Shower types
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Shower types

Buying a shower can be both confusing and costly if you get it wrong so I have included this page to help you
understand the basics. If you are still in doubt, please give me a call on 01267 468109. 

Electric showers are the most common kind and work off a mains water supply. You must have a minimal mains pressure for these to work as they
will not work off a storage tank in the loft. A good size wattage for a shower is between 9.5kw and 10.5kw but you must have the water pressure and flow
to get the best results for it to work. You can also buy electric showers in 7.5kw and 8.5kw. Please check the manufacturer's instructions first - these are
usually available online. You also need to bear in mind the cable size and RCD device. This is best dealt with by a fully qualified
Part P electrician as this
can be a costly extra.

Pumped showers are exactly that: non-electric showers that are helped by a separate electric pump. It's worth noting that these usually have to be
sited in the airing cupboard and the hot water supply has to be fed off the first point out of the hot water cylinder for the guarantee to be valid. See the
manufacturer's instructions for details. Don't forget it will need an electric power supply: again, read the instructions.

One final thing to bear in mind is the size of your storage tank. If it is too small and your pump is too big, then it will not be long before you run out of hot water.

Electric Power showers are low ampage, electrical internal pumped showers which have a Hot and Cold feed which is gravity fed. These cannot be
fed from either mains or pressurized systems.

Manual Showers can be gravity fed, pumped, or supplied by a pressurized system.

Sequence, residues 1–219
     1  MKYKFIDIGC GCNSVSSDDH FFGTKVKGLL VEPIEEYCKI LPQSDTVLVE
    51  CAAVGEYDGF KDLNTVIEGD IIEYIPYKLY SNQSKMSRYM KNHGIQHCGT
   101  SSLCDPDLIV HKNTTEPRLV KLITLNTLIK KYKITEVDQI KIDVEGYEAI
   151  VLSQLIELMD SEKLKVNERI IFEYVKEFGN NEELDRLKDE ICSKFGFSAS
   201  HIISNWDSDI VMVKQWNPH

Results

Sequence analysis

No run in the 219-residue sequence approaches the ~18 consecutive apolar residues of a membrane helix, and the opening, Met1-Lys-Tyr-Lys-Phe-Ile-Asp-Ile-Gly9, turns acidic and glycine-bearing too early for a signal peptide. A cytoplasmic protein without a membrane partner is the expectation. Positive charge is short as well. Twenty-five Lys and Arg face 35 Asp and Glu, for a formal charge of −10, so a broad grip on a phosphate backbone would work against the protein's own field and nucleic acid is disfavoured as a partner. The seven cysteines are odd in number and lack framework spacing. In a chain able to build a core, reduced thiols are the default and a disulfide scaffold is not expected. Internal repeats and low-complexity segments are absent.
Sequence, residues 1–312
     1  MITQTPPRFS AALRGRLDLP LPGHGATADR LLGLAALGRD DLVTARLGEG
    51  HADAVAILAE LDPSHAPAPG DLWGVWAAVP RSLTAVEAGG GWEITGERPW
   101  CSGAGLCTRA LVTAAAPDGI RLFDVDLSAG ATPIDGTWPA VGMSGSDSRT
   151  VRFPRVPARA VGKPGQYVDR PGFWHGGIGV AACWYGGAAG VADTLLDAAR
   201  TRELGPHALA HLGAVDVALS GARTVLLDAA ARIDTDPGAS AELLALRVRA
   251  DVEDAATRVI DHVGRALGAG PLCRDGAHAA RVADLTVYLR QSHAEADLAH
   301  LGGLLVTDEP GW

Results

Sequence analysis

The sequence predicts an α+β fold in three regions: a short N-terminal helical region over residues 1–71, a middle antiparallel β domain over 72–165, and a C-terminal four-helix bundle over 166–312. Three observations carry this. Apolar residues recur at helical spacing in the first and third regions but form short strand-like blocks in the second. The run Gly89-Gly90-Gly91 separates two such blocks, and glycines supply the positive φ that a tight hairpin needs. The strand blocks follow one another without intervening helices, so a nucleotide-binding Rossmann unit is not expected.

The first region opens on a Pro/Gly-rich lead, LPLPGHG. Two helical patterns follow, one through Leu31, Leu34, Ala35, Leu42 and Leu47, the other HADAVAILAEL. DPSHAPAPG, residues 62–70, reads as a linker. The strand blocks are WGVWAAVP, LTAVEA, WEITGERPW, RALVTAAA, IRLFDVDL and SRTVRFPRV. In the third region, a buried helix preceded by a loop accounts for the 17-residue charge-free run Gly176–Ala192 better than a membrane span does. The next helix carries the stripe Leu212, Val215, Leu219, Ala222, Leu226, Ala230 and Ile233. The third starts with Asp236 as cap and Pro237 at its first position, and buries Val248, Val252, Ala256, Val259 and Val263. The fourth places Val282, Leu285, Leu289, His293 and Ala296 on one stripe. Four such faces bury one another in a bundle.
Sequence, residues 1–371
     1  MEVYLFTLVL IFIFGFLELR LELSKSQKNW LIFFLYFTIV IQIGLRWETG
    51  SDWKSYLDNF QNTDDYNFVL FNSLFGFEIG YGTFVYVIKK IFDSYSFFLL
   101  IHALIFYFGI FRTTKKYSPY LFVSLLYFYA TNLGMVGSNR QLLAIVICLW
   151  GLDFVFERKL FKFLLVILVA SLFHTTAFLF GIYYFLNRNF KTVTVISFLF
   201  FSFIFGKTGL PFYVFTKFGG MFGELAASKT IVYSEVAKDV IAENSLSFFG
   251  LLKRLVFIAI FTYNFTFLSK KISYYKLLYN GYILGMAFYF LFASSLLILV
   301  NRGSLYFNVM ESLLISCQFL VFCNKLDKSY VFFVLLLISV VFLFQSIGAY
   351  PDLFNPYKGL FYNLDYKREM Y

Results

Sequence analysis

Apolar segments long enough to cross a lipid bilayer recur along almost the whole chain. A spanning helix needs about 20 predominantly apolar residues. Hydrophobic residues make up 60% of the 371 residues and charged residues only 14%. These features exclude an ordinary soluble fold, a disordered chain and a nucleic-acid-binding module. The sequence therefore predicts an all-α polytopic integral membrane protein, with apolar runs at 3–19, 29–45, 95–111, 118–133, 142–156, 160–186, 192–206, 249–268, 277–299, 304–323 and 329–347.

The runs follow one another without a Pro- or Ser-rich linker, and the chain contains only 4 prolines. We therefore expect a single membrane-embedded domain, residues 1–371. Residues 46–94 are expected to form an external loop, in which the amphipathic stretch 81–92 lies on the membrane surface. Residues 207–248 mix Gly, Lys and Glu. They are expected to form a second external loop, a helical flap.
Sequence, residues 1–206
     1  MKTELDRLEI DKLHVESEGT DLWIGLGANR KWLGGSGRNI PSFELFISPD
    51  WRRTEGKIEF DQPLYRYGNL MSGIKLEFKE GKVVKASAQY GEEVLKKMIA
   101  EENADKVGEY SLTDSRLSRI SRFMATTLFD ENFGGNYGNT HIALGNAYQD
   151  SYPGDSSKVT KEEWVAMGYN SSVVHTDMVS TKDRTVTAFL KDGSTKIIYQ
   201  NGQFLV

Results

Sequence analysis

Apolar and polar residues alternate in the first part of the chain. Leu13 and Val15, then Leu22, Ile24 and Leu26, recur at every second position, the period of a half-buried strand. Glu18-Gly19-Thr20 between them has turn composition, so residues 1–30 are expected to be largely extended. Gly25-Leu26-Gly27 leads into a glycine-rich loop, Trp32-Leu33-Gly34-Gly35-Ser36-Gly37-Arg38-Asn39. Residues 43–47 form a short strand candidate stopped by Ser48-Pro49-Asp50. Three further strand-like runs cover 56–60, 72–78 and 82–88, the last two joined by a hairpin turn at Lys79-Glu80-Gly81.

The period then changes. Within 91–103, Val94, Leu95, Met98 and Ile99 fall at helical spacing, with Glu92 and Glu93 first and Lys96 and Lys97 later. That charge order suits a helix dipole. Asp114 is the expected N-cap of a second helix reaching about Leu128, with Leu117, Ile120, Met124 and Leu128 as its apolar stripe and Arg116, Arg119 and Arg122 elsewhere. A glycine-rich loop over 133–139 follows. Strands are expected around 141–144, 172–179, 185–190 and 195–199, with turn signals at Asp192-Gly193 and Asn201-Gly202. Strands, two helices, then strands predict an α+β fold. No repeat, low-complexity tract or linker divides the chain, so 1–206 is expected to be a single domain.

Thermostatic showers are the same as manual showers except that they will maintain a set temperature and are usually more expensive.

Built-in showers look good but need to be housed in the wall by at least 75mm to 100mm along with the pipe work. You need to know that this can be
done before buying a shower of this kind. One point to keep in mind is that if it goes wrong, it could mean that the surrounding tiles need to smashed off
so the repairs can be carried out. 

Digital showers
are the in thing and can be sited in the roof area. They have an internal pump which is gravity fed and can come with a remote control set.
These are highly recommended but they do come with a price tag to match.

Wet rooms have slowly been making their way into British homes since the start of the 1990s. They not only add value to a property but also make the
showering experience more enjoyable than in a traditional cubicle. The main difference between a shower enclosure and a wet room is the lack of tray.
A gradient in the floor helps to drain the water and a glass panel is used to keep the water within the shower area. Drainage is key to the success of a wet room
and you may require a pump to remove the water.  The major advantage is that everything is on one level making wheelchair access easy. The price also has an
impact as there are a lot of unseen materials and labour costs. A wet room has to be correctly installed and is not recommended for the DIY novice.

I can also supply and fit most mobility bathroom equipment from a bath to a complete wet room, subject to drainage requirements. Walk-in baths
with integral bath seats allow you to enjoy bathing and feel safe getting in and out of the bath. Showers too can still be enjoyable as long as you have the space
you need to move. Seating rails and alarms can also be easily fitted. 


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